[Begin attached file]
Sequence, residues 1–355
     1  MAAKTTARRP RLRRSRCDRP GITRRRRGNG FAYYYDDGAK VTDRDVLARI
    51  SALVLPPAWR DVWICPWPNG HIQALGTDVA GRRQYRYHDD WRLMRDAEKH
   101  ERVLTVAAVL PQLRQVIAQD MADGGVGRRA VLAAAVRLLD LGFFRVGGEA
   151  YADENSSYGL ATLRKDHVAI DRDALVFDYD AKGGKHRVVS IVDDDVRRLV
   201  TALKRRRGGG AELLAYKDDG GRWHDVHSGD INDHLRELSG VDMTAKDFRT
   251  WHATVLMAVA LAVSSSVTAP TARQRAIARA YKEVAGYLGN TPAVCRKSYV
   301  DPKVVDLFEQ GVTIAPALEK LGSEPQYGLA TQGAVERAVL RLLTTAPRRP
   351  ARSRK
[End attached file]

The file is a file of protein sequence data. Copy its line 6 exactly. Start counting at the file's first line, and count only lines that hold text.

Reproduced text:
   201  TALKRRRGGG AELLAYKDDG GRWHDVHSGD INDHLRELSG VDMTAKDFRT